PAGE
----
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Putin accuses the west of trying to ‘destroy’ Russia



President Vladimir Putin has announced a partial military mobilisation of his nation’s armed forces

In a televised address, President Vladimir Putin has called on Russia’s armed reserves and forces to join the war in Ukraine.

Mr Putin described the decision as a “necessary” step to “protect our homeland, its sovereignty and territorial integrity”.

The president said a decree on partial mobilisation has already been signed, and preparations are underway.

“Only those citizens who are in the reserve and, above all, those who served in the armed forces, have certain military specialties and relevant experience, will be subject to conscription.”


The decision follows Russian lawmakers approving a suite of tough measures as the war in Ukraine ticks over six months of conflict.

Mr Putin said citizens who are in the nation’s reserves and have previously served in the armed forces are subject to the orders.

The Russian leader maintains the war is a special military operation, which is designed to de-Nazify Ukraine.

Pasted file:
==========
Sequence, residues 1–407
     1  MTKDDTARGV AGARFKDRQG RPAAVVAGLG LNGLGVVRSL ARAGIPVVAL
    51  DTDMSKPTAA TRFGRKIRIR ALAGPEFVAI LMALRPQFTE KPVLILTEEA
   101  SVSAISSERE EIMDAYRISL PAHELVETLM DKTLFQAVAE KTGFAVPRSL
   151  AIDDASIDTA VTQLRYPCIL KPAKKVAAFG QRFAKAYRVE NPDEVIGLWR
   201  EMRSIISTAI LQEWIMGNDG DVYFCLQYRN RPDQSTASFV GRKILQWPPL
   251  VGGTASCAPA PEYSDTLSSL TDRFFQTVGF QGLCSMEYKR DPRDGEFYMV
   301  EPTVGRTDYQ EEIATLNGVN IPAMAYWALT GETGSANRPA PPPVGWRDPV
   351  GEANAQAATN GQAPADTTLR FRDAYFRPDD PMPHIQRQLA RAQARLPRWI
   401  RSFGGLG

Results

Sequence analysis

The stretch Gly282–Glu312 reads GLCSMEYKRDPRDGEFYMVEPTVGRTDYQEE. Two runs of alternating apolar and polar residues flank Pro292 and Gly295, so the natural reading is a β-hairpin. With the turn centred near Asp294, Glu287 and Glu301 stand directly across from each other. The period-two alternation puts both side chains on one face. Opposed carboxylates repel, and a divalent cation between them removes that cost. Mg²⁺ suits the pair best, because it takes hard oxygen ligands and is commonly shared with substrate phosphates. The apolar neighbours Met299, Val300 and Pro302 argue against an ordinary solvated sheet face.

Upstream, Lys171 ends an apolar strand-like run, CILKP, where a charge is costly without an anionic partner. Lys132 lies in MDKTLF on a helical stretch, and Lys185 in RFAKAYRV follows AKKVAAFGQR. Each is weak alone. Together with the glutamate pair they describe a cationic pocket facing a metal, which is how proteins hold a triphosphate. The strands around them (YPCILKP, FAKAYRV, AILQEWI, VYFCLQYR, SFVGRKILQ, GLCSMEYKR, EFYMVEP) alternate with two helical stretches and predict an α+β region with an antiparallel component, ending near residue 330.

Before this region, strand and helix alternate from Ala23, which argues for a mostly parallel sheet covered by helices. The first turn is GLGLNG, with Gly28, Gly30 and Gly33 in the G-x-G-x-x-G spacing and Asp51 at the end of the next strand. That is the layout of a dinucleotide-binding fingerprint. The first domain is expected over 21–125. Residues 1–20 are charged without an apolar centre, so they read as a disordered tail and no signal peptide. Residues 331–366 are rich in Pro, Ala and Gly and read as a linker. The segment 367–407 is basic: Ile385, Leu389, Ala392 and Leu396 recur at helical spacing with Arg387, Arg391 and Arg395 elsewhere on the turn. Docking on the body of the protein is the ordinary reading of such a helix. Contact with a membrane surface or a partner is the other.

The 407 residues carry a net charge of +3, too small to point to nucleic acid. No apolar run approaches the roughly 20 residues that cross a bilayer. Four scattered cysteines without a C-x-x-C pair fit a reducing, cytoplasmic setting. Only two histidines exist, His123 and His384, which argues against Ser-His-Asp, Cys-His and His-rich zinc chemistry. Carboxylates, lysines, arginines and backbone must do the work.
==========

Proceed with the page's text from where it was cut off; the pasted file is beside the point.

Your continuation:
But NATO allies, the United Nations and humanitarian groups have called out Moscow for alleged war crimes.

The war has claimed the lives of over 10,000 people. Mass grave sites have also been discovered with over 400 Ukrainians buried in the Izium region.

What does this mean?

  • Mr Putin said people who are living in the occupied regions do not want to be under the “yoke of neo-Nazis”.
  • He said Kyiv is refusing a peaceful solution to the crisis.
  • The Russian leader added Ukraine has nuclear weapons and his nation is acting in response to these claims.
  • Moscow is planning to hold so-called referendums in the occupied parts of Ukraine later this week.

Turkey’s President, Recep Tayyip Erdoğan said Mr Putin may be seeking an end to the war, and that a “significant step” will be made in the coming days.